$100 provides the leash, collar, and training vest for one dog. $50 provides breakfast and dinner for all the dogs in the kennel.
Canine Partners for Life (CPL)
Canine Partners for Life (CPL) trains and places certified service dogs with persons who have physical disabilities, mobility impairments, and seizure and cardiac disorders, to increase their independence and quality of life. By assisting its human partner with many physical tasks and providing constant companionship, a service dog can make the miracle of greater independence possible. CPL provides professionally trained service dogs and lifetime support services. Each dog is trained to meet the specific needs of each individual recipient. CPL places full service dogs with persons 12 years and older.
For many adult recipients, once paired with a service dog, they are able to enter, remain in, or return to the workforce. Our dogs allow children to enjoy a more integrated school experience. Many of our recipients stay healthier longer or may not need a wheelchair or other aid as early, thanks to the help of their dogs. Since its founding in 1989, CPL has placed over 600 canine partners with individuals who have disabilities or are in other situations of need.
There are several types of dogs that CPL trains; the most common is a full service dog that is placed with persons with mobility impairments. These dogs provide physical stability, open doors, turn light switches on and off, help their person get dressed and undressed, retrieve telephones, turn the person in bed to prevent bed sores, help them transfer from a bed to a wheelchair, and act as arms and legs to individuals using wheelchairs. We serve persons with multiple sclerosis, cerebral palsy, spina bifida, muscular dystrophy, Parkinson's disease, stroke, spinal cord injuries, arthritis, ALS (Lou Gehrig's disease) and many more. CPL is one of only a few organizations in the world that trains and places seizure, cardiac, and diabetes alert dogs. These dogs warn their recipients of oncoming seizure, cardiac, or diabetic activity, giving anywhere from a ten to sixty minute warning, depending on the particular dog. The dogs are extremely accurate and reliable in their work and enable their human partner to take precautions prior to the onset of a seizure, cardiac or diabetic event, thereby avoiding injuries from a fall or to avoid potentially life-threatening conditions. In addition to providing the alerts to an impending episode, alert dogs can also provide balance and stability to their partners following the incident, can retrieve the telephone or operate a medic line, and assist with many other tasks needed. CPL also places home companion dogs with children with disabilities such as autism spectrum disorder, cerebral palsy, global developmental delays, etc. Home companion dogs are also placed with elderly persons. Similar to home companion dogs, residential companion dogs are placed within residential facilities such as retirement communities in CPL's local area to provide constant pet therapy. Courthouse companion dogs provide comfort to children who are being interviewed or testifying in an anxiety-producing court system.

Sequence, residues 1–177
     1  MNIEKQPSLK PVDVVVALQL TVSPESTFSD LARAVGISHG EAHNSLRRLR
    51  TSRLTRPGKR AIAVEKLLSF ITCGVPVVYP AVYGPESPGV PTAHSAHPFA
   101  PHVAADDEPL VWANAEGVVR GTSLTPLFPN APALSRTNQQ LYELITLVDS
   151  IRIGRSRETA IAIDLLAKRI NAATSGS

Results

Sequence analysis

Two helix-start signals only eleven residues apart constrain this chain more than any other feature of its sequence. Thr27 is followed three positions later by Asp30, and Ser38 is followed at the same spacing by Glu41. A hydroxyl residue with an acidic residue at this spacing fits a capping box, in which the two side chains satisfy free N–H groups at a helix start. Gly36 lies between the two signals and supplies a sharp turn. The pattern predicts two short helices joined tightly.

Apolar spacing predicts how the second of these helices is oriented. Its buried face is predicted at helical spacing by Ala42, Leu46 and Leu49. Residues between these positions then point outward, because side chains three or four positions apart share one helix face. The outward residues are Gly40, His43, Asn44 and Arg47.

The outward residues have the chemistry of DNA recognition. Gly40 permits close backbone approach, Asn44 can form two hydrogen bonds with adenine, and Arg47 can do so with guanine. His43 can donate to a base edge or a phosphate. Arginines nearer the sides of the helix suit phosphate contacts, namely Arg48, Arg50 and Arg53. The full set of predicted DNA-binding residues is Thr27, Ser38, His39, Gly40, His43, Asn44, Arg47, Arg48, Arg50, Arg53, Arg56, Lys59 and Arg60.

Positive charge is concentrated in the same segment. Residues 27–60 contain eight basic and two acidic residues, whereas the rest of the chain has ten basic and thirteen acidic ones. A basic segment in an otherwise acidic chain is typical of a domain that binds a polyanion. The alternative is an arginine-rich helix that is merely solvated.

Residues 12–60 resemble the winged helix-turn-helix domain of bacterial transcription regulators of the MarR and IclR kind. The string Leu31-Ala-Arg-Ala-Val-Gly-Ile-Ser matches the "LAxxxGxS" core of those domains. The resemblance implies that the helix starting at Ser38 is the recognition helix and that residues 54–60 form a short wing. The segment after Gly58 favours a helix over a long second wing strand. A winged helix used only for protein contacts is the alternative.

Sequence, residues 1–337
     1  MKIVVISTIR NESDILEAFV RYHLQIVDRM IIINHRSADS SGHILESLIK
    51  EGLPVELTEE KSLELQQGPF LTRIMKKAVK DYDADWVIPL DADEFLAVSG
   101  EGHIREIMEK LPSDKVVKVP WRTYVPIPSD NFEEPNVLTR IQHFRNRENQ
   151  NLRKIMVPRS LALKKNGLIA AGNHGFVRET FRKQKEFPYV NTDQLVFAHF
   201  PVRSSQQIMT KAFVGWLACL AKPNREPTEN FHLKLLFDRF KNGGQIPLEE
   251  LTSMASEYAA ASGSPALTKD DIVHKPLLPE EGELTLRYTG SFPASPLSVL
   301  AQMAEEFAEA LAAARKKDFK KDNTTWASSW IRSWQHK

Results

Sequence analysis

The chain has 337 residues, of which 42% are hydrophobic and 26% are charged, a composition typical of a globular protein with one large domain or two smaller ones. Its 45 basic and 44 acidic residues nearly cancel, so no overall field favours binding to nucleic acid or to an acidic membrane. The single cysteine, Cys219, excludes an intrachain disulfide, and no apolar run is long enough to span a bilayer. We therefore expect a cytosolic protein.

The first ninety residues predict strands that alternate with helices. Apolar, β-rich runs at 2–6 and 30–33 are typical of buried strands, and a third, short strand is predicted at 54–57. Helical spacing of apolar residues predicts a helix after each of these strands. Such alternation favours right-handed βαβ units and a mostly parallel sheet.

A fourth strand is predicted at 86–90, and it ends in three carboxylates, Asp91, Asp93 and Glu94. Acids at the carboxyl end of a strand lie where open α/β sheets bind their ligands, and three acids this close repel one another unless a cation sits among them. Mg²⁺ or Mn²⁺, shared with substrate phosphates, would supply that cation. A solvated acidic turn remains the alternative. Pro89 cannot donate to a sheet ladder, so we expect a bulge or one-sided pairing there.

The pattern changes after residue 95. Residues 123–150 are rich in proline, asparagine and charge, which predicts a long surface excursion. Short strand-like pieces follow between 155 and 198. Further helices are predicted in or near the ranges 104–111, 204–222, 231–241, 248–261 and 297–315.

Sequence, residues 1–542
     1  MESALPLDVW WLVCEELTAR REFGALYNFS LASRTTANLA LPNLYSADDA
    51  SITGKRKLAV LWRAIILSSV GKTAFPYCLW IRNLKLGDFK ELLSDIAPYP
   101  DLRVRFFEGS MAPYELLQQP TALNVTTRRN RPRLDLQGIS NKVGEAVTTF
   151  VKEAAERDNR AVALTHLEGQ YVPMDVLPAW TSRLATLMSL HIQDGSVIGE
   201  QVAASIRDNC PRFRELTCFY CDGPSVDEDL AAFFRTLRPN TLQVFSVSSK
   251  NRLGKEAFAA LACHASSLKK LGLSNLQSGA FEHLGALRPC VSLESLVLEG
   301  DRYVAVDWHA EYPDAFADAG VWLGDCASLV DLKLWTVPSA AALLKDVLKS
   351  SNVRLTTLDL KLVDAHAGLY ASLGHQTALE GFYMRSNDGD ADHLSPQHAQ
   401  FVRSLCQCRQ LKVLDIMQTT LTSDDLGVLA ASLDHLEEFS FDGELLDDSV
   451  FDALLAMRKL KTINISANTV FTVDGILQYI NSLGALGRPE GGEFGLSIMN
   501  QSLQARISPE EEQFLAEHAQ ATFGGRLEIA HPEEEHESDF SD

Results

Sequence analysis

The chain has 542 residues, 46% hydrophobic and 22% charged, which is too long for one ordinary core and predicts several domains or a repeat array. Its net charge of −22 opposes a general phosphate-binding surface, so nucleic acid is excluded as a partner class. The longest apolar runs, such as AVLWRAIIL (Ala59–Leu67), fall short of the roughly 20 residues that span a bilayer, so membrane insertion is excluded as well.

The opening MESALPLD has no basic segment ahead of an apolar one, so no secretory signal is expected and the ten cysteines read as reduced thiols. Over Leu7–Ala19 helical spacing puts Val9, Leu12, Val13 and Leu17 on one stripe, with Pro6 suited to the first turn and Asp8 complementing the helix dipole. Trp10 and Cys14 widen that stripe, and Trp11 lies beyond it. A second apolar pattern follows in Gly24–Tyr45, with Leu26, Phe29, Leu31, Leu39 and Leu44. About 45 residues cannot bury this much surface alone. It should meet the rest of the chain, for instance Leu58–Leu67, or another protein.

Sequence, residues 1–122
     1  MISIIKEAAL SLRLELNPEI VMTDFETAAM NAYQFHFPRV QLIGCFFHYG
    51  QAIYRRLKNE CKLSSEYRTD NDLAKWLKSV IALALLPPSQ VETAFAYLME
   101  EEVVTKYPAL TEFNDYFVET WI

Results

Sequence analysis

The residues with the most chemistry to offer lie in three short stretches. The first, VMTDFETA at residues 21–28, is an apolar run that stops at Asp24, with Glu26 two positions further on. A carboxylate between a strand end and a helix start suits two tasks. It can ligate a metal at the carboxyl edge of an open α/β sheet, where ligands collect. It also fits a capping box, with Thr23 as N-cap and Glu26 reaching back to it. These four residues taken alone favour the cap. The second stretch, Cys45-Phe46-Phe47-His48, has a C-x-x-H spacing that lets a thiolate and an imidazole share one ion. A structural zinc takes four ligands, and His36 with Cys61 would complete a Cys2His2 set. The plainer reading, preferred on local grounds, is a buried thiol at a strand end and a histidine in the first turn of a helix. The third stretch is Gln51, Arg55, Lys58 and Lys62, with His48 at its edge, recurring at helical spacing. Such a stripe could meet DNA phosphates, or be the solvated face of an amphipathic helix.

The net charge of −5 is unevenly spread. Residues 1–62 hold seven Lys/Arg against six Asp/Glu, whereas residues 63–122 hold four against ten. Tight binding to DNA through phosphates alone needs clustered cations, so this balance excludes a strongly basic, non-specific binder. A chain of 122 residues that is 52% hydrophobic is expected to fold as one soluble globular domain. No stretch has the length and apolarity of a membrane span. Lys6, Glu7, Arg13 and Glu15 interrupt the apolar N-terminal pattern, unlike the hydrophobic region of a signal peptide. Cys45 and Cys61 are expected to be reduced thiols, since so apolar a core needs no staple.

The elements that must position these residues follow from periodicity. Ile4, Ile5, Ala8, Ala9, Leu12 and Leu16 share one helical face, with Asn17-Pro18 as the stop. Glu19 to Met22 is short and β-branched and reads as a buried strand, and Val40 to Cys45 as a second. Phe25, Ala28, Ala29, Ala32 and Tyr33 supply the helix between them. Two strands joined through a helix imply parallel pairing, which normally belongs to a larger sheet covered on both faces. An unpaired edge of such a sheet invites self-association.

CPL service dogs are in training for two years. Their first year is spent in a volunteer "puppy home" where they are taught basic obedience and socialization skills. The volunteer puppy raiser may be a member of the community or an inmate at one of our area correctional institutions who participate in our Prison Puppy Raising Program. Community puppy raisers and participants in the prison program attend training classes two times per month to learn and reinforce proper skill development in their pups. For many of the prisoners it's a win-win situation in that they also learn patience, discipline, responsibility, and teamwork-important skills in everyday life, and they also have the opportunity to "give back" to society.
At fourteen months of age the pups, now young adults, move to the CPL kennel to begin their second year of formal training with staff trainers to learn skills as described above. The last stage of each dog's training is three weeks of "team training" with their human partners. Together they learn obedience, canine health care, their legal rights, and take frequent field trips (zoo, mall, movie theater and similar places) to learn to work together in public. Thousands of people each year are oriented to the services provided by Canine Partners for Life, through demonstrations of service dog skills, exhibits and educational presentations.
Audiences range from individuals with disabilities to school age students to senior citizen groups to state and federal employees to health care practitioners and more. CPL is a fully-accredited, voting member of Assistance Dogs International (ADI). During its five-year accreditation survey, CPL was cited for seven "best practices," areas in which CPL is held up as a standard bearer within the international assistance dog industry.